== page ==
Certain Knowledge

Known unknowns and unknown unknowns!

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Speakpigeon
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Re: Certain Knowledge

Post by Speakpigeon » Sat Nov 25, 2017 10:43 am

-1- wrote:
Sat Nov 25, 2017 7:40 am
Speakpigeon wrote:
Fri Nov 24, 2017 10:31 pm
Viveka wrote:
Tue Nov 14, 2017 8:48 pm
Accept what is self-evident. Free-will, other-minds, the first-person authority we have over our mental happenings, the existence of a Intelligent Designer, and so on. None of these can be denied without some sort of self-denial of what is obvious and necessarily follows from our existence. There is your certain knowledge.
All these things can be very easily dismissed as possible illusions or delusions. So, no, they're definitely not certain knowledge.

The only self-evidence for me is my own existence, i.e. the existence of the "I" in the sense of Descartes' Cogito.

And then there's nothing that would follow from the knowledge of my own existence, not even that there should be some efficient cause to my existence.
EB
Here I almost agree with you, EB, except for your denying that thoughts also exist (albeit temporarily).
???

Where is it I denied my thoughts existed?
EB

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Speakpigeon
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Re: Certain Knowledge

Post by Speakpigeon » Sat Nov 25, 2017 10:47 am

-1- wrote:
Sat Nov 25, 2017 7:48 am
EB, once I asked JohnDoe7 to explain his theories in laymen's terms, and he did, and he made sense. His claims don't make sense without an explanation, that much I grant. EB, you are free to ask JohnDoe7 to explain his point, and he will do a good job at it. JohnDoe, I think you would be much better off on this site if you did not talk over our heads but gave better explanations. What you write absolutely makes no sense, because you assume that your readers are familiar with your short-cuts, short forms, and contracted concepts. But we are not familiar with them, and without a patient explanation, sorry, your theories sound gibberish. Not that they are, (as seen after an explanation is given by you), but at first reading they are gibberish.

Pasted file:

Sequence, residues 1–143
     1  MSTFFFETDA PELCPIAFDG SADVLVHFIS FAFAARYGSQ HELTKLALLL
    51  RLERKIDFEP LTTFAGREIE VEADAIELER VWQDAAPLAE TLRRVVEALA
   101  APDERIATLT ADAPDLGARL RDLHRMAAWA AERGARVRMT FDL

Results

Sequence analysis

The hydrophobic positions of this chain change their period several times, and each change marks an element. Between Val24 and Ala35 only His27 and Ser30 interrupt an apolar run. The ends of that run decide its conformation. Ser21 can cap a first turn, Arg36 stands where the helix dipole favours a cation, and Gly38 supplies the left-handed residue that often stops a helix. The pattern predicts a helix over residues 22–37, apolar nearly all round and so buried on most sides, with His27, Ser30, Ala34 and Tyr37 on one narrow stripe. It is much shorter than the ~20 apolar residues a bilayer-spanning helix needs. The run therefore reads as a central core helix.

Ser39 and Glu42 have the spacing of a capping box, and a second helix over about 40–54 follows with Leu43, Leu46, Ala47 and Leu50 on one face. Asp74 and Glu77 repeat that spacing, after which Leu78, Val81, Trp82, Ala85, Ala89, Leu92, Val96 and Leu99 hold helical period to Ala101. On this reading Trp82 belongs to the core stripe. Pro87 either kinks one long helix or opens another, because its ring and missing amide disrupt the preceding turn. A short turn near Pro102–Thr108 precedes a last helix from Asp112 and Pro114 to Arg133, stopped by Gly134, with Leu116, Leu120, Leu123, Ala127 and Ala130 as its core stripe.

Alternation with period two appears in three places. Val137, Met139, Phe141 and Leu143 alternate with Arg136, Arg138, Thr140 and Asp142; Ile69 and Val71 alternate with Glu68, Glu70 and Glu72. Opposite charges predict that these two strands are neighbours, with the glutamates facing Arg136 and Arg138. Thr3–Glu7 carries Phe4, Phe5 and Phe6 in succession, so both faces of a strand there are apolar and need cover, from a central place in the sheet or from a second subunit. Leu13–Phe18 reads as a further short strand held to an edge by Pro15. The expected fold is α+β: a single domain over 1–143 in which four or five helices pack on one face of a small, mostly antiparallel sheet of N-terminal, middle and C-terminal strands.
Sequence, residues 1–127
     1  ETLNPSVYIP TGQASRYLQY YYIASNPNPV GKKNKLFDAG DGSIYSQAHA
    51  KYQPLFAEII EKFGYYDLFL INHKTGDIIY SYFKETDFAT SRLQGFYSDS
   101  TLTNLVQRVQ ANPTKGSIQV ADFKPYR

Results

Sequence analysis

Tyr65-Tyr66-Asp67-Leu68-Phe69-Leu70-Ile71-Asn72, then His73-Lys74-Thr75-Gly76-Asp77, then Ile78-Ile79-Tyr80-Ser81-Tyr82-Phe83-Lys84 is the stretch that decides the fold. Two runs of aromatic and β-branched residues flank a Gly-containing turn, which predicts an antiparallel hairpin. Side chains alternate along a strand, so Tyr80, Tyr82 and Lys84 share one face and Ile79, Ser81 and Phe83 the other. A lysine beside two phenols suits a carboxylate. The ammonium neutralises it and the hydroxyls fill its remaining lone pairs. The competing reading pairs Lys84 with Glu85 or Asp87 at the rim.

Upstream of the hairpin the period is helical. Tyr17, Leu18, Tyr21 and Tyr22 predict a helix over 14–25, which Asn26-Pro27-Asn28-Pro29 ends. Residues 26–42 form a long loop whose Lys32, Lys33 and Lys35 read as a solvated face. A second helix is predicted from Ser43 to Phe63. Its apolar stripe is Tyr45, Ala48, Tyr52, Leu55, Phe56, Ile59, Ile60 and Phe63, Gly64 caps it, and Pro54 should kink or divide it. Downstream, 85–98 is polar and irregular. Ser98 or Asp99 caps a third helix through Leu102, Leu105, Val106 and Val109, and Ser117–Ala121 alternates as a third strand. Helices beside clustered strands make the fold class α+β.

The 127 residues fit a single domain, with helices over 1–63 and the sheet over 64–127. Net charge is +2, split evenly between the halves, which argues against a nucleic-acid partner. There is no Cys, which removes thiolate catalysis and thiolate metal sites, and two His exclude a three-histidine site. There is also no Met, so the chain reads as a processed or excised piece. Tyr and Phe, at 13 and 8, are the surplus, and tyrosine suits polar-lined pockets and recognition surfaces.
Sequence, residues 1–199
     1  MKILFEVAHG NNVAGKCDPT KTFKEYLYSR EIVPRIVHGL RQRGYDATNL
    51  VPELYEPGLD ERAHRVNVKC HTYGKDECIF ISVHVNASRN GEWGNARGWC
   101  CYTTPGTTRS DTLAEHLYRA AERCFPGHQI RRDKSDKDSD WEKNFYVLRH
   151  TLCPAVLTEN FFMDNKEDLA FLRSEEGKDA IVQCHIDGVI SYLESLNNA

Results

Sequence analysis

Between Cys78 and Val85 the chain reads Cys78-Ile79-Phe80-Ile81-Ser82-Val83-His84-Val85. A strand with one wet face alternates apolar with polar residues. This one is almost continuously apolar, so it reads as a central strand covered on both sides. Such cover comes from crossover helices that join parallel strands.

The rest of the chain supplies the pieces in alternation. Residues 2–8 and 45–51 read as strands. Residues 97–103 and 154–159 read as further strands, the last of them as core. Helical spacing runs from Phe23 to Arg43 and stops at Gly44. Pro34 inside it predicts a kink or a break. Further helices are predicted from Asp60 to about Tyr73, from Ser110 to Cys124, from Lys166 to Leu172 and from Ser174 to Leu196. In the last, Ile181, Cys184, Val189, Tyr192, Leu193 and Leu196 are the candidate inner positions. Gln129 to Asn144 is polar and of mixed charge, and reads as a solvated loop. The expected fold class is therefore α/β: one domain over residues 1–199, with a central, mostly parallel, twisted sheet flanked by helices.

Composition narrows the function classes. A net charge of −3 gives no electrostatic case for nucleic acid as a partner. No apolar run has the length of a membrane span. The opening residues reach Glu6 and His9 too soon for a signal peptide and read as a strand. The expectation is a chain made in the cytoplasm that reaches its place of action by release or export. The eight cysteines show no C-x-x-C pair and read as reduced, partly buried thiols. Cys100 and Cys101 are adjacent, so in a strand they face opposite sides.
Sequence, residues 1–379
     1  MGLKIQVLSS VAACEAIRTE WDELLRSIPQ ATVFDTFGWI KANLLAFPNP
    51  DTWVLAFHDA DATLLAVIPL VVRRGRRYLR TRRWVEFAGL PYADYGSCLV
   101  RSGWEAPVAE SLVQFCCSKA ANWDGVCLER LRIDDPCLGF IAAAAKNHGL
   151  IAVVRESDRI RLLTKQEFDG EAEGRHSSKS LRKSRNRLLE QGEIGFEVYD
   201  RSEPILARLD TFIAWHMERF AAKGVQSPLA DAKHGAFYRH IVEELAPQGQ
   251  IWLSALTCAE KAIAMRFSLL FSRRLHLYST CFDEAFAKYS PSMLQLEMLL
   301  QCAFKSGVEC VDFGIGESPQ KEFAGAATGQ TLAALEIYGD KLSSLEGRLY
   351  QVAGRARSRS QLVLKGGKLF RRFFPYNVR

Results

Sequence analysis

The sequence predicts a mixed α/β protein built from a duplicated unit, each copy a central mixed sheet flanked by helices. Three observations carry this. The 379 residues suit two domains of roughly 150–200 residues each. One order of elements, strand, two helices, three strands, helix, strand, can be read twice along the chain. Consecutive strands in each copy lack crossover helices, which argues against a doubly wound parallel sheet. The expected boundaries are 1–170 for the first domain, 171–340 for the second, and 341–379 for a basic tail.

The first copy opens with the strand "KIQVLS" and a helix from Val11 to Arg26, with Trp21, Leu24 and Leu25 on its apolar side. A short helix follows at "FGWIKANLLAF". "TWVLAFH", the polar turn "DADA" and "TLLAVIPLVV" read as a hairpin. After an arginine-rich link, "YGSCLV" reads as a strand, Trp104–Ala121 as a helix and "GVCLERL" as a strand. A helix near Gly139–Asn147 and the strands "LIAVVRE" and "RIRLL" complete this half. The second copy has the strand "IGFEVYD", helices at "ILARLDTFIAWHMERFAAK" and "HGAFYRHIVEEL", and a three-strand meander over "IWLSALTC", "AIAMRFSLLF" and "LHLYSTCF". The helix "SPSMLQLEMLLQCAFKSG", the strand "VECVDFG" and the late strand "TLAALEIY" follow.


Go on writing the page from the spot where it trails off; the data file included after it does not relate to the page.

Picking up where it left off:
I can only respond on the basis of what he actually says and he is certainly welcome to express himself in proper English.
EB

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Re: Certain Knowledge

Post by -1- » Sat Nov 25, 2017 3:15 pm

"No, two. Count them: He, and his thought."

"Again, no. "

Ooookay. If you are so fucking stupid that you can't tell the difference between 1 (one) and 2 (two) then what the dickens are you prancing about on a philosophy forum for? Are you imagining your stupidity for the first time in your life will not shine through clearer than the azure sky in the deepest summer?

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Re: Certain Knowledge

Post by -1- » Sat Nov 25, 2017 3:22 pm

"""Here I almost agree with you, EB, except for your denying that thoughts also exist (albeit temporarily)."""
Speakpigeon: """??? Where is it I denied my thoughts existed?"

Almost in all your posts to me. Not directly, but in a logically deducible way.

Well, you said that the self exists and you vehemently and adamantly keep denying that the self and thought are two things. So only one of them exists. If one of them exists, and it's the self, then necessarily thought does not exist. According to your arguments.

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Eodnhoj7
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Re: Certain Knowledge

Post by Eodnhoj7 » Sat Nov 25, 2017 4:19 pm

-1- wrote:
Sat Nov 25, 2017 7:48 am
Eodnhoj7 wrote:
Fri Nov 24, 2017 10:43 pm
Speakpigeon wrote:
Fri Nov 24, 2017 10:23 pm


I don't think we know of any point existing out there. Personally, all I seem to know is the idea of the point. So, yes I know the idea of the point, but I can't be said to know any actual point.

Considering the point is infinite in nature everywhere we observe, and everything we observe, is composed of points as point.


Observe? We can't observe zero or one-dimensional things so we certainly are unable to assert their existence.

We observe them abstractly, and through the concept of measurement in regards to empirical realities.


This sounds meaningless to me.